RICHMOND, VA (WWBT) - Have you brought home-made snacks or a dessert to share with students at your child's school? That's actually a critical violation! It was a lesson a school learned the hard way in this Restaurant Report.
"It did come as a surprise," said Richmond Public Schools spokeswoman Felicia Cosby.
The surprise was at Capital City Program, a Richmond Public School for at-risk students, when some mentors brought home-made foods for students the same day the health inspector arrived to check the cafeteria.
"Our mentors were celebrating some character development and some positive behavior changes they were seeing. So they decided to celebrate it with the students and bring in food," said Cosby.
The State Health Department says any kitchen they regulate cannot serve food made at home.
"Our concern is that the restaurant has necessary equipment and the people have the necessary training to produce food safely," explained Gary Hagy, Director of the Health Department's Division of Food and Environmental Services.
Now the district is changing policies.
"We've asked that our staff and our mentors stay away from bringing in food items. So if they want to have a celebratory party, that they use our catering service instead," said Cosby.
Schools can still have celebrations if foods are from regulated restaurants, grocery stores, or made by trained cafeteria staff.
And there is an exception. Charities, such as school booster clubs and cheerleading squads, can sell homemade foods at fundraisers.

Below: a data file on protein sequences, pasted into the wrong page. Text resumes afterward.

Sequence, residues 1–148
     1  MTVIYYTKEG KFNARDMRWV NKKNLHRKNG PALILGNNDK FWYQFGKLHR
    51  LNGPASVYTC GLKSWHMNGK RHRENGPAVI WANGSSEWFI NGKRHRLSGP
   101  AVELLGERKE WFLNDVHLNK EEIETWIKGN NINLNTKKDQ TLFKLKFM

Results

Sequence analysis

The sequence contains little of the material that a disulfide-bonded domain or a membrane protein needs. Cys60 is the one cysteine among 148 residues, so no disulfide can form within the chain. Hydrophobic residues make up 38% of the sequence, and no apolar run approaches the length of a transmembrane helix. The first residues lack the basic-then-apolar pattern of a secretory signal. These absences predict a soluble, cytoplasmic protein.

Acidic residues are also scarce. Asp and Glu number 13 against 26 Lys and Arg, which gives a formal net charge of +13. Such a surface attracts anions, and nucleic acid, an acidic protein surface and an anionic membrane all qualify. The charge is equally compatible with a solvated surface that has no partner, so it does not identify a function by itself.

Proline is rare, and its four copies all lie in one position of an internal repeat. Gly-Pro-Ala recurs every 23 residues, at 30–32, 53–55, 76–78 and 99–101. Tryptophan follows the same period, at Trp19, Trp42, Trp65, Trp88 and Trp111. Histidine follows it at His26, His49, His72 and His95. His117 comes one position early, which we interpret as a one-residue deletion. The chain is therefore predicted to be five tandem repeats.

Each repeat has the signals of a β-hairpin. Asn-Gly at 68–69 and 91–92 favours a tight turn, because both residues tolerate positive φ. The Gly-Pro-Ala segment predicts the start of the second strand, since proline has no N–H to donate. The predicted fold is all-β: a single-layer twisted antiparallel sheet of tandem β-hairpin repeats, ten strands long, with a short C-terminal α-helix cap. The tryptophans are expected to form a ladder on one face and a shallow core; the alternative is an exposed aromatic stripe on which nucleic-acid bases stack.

"There is an exemption in the code for charitable organizations that do occasional fundraisers, preparing baked goods, non potentially hazardous baked goods, cookies, brownies," said Hagy.
Capital City Program corrected all violations during the inspection.
Moving to Henrico, Captain D's Seafood at 4800 Williamsburg Road had 10 critical violations, including that the slicing board on the sandwich line was very dirty and that a mouse was in the kitchen. The manager says the restaurant receives regular pest control services and that their serviceman found no signs of any mice, the little guy was from outside. All violations were corrected for a perfect score on the re-inspection 3 days later.
And in Richmond, Yum Restaurant at 406 Cowardin Avenue had 4 critical violations. The report says fried rice was cold holding at improper temperatures. Violations were corrected during the inspection. The restaurant declined to be interviewed for our report.
Viewers often ask us why some food preparers don't have to wear gloves? We asked an expert to show us when the gloves go on, and when they can come off. We'll show you what we discovered Friday at 5:00 p.m. on NBC12.